A flowmeter bank occupies a third of the tabletop at the left; This bank holds (from left to right) two nitrous oxide flowmeter tubes, two air flowmeter tubes and two oxygen flowmeter tubes; Below the pair of tubes for nitrous oxide are one control knob, one gauge for that gas administered from a cylinder, and one for that gas administered from a pipeline; Below the pair of tubes for air is one control knob, one gauge for gas administered from a pipeline; Below the pair of tubes for oxygen oxide are one control knob, one gauge for that gas administered from a cylinder, and one for that gas administered from a pipeline; All three of these control knobs are set under a bar (called the Flowmeter Control Knob Protection Assembly);

A horizontal bank is mounted above the flowmeter bank and extends to the right; This bank is comprised of two sections, one above the other; The upper section holds a group of digital monitors, including oxygen percentage, tidal volume, breaths per minute and minute volume; The components in the lower section include a flow gauge marked, from left to right: “Low Medium High”, as well as a button to silence the audible alarms, a 60-second delay switch, an inspiratory-expiratory phase/time ratio (I:E) control and a respiratory frequency (breaths per minute) control; On top of this bank there is a stainless steel shelf intended to hold additional monitors; Attached to this right side of this bank, facing forward, is a device marked “Emergency Anesthesia Call Box”, with call three buttons marked, from top to bottom, “Doctor”, “Nurse” and “Tech”; Below this bank, to the right of the flowmeter bank, there is a back bar that can hold as many as three vaporizers; One Draeger Vapor 19.1 vaporizer for isoflurane is attached;

Brackets mounted on the left wall of the machine hold a ventilator, absorber and other components; The ventilator contains an ascending bellows, and is marked, from top to bottom: “1600, 1400, 1200, 1000, 800, 600, 400, 200″‘; A detachable sphygmomanometer gauge is attached to side of machine near ventilator; The sphygmomanometer is marked: “Model: NAD-SPHYG [new line] Ser No: 7343″; A scavenger is mounted on the left wall of the cabinet; The scavenger is marked: ” Model: WGES [new line] Ser No: 7079″; A plate mounted on the left rear leg of the machine reads: “North American Dräger [new line] 148B Quarry Road [new line] Telford PA 18969 [new line] Model NARKOMED II [new line] Ser No A-26986 [new line] Made in USA”;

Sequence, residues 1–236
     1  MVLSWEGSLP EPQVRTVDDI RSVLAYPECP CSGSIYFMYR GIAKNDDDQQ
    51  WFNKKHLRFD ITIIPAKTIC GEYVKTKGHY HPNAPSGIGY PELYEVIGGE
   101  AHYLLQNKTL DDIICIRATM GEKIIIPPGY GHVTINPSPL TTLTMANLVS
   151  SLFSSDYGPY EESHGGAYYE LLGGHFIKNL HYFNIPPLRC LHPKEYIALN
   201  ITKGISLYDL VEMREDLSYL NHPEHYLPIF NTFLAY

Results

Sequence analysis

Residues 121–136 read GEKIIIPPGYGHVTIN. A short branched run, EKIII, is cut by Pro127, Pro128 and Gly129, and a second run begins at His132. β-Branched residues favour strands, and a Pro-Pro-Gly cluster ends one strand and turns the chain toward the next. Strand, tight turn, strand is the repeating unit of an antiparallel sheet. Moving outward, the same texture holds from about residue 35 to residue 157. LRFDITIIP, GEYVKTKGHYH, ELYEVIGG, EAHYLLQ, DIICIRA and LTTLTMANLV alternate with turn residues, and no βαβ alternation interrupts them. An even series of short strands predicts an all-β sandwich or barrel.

Below and to the left of the ventilator is a double-canister carbon dioxide absorber, mounted on swiveling arm; A dust collector is mounted at the bottom of the lower canister; Mounted on top of the absorber is a component marked: “Volume Sensor [new line] Model: 4106362 [new line] Ser No: 9994”; An expiratory valve is mounted above this sensor; A inspiratory valve is mounted on a separate bracket in front of the absorber; Mounted to the right of the absorber is a rectangular housing that contains a Positive End Expiratory Pressure valve, consisting of gauge and control knob; The knob is marked: “PEEP-ABS [new line] Ser No 4245”;

Note Type: Physical Description